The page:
According to security firm UpGuard, app developers exposed users’ data on public servers. In one case, Mexico-based company Cultura Colectiva had stored 540 million records weighing in at 146 gigabytes on Facebook users.
Facebook Chief Operating Officer Sheryl Sandberg announced that the social media giant is "exploring restrictions" for live videos after a gunman streamed a mass shooting inside a New Zealand mosque earlier this month.
Following days of criticism, Facebook has now announced that white nationalism postings will be prohibited across its platforms.
Facebook announced on Tuesday it had identified and removed a significant number of pages, groups and accounts involved for “coordinated inauthentic behavior.”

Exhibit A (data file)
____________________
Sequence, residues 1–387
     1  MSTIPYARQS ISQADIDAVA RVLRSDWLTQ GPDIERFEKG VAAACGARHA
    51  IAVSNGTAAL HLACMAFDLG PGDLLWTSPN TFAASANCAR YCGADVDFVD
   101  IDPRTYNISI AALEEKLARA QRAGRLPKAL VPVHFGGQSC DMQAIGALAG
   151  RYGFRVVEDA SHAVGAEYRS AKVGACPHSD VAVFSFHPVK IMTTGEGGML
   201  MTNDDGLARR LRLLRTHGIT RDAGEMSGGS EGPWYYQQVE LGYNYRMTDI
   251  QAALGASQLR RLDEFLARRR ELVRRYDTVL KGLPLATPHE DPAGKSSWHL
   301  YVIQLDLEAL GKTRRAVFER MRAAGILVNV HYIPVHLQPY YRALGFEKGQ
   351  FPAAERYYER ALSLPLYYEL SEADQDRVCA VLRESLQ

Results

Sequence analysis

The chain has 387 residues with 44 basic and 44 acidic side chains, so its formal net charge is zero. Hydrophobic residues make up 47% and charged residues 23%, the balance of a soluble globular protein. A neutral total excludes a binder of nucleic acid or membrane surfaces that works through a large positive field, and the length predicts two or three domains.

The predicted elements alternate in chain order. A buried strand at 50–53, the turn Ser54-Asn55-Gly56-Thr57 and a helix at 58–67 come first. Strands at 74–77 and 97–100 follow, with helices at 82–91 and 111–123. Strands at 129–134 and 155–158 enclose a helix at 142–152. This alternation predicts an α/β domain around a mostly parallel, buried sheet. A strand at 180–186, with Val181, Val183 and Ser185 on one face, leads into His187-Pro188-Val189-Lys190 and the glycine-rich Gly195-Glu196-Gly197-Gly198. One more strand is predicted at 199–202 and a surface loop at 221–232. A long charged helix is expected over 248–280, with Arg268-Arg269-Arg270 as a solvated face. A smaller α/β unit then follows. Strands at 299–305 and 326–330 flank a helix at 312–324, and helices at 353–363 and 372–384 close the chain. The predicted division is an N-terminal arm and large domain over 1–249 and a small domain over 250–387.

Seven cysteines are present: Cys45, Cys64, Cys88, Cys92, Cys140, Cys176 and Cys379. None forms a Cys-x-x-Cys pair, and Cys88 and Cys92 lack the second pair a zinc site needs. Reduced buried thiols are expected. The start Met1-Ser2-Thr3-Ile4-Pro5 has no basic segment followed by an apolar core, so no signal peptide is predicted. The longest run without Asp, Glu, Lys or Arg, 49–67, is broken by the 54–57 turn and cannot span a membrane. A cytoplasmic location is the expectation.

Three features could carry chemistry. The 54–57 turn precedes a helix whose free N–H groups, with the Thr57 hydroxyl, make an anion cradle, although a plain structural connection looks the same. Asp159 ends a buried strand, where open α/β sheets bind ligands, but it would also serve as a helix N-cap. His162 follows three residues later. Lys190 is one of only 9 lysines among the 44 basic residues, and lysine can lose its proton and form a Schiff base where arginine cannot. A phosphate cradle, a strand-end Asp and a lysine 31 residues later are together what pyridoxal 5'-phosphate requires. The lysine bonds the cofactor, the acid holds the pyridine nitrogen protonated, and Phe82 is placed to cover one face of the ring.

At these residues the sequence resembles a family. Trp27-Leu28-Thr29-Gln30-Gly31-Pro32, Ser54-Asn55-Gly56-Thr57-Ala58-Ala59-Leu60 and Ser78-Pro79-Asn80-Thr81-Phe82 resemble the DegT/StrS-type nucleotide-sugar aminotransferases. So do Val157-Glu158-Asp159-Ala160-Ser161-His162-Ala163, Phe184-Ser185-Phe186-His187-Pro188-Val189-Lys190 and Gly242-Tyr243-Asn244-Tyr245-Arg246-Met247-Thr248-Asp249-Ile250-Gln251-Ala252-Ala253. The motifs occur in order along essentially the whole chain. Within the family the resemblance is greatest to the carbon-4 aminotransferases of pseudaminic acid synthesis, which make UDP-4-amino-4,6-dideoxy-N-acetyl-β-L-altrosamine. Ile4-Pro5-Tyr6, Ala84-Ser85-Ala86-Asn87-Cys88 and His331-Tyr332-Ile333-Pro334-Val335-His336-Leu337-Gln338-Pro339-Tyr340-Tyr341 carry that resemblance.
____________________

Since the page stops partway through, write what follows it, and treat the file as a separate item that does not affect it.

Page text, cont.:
Video still exists on the dark web of a person claiming to be the shooter and a link to the Facebook page that live-streamed the fatal attacks.
Even as users worldwide battled to connect to their Facebook and Instagram accounts overnight, the New York Times broke the news that “federal prosecutors are conducting a criminal investigation into data deals Facebook struck with some of the world’s largest technology companies.”
Facebook has leveraged its position as a global surveillance and intelligence database to repurpose its own platform to track problematic users in realtime.
Tech giants Facebook, Twitter and Google are taking steps to police terrorists and hate groups on their sites but more work needs to be done.